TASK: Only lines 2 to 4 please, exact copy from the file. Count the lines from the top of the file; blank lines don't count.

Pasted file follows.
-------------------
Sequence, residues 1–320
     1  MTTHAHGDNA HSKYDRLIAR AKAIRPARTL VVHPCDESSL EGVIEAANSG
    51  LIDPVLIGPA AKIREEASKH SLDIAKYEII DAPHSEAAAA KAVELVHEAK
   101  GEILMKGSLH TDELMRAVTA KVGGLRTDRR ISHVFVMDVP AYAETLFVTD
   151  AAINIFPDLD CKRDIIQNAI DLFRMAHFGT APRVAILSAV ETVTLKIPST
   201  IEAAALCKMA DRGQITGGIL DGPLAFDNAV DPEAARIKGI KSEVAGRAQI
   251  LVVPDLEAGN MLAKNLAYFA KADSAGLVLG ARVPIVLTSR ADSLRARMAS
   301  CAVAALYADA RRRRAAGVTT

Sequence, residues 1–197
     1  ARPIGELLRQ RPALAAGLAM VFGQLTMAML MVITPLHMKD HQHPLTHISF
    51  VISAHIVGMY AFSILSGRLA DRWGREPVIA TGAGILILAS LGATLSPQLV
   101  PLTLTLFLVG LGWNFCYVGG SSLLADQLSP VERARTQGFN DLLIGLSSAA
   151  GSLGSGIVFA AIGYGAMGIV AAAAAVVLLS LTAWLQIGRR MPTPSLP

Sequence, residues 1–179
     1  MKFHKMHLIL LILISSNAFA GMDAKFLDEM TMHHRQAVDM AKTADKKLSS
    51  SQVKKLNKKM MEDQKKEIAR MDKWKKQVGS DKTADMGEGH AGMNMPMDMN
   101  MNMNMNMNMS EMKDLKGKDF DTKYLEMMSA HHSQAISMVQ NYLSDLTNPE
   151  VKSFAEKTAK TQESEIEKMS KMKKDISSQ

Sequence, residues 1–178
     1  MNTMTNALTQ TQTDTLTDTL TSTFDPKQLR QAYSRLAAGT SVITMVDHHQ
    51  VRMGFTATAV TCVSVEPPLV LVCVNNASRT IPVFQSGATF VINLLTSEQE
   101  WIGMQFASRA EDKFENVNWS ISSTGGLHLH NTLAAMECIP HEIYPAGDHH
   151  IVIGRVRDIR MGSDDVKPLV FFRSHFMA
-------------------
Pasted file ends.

     1  MTTHAHGDNA HSKYDRLIAR AKAIRPARTL VVHPCDESSL EGVIEAANSG
    51  LIDPVLIGPA AKIREEASKH SLDIAKYEII DAPHSEAAAA KAVELVHEAK
   101  GEILMKGSLH TDELMRAVTA KVGGLRTDRR ISHVFVMDVP AYAETLFVTD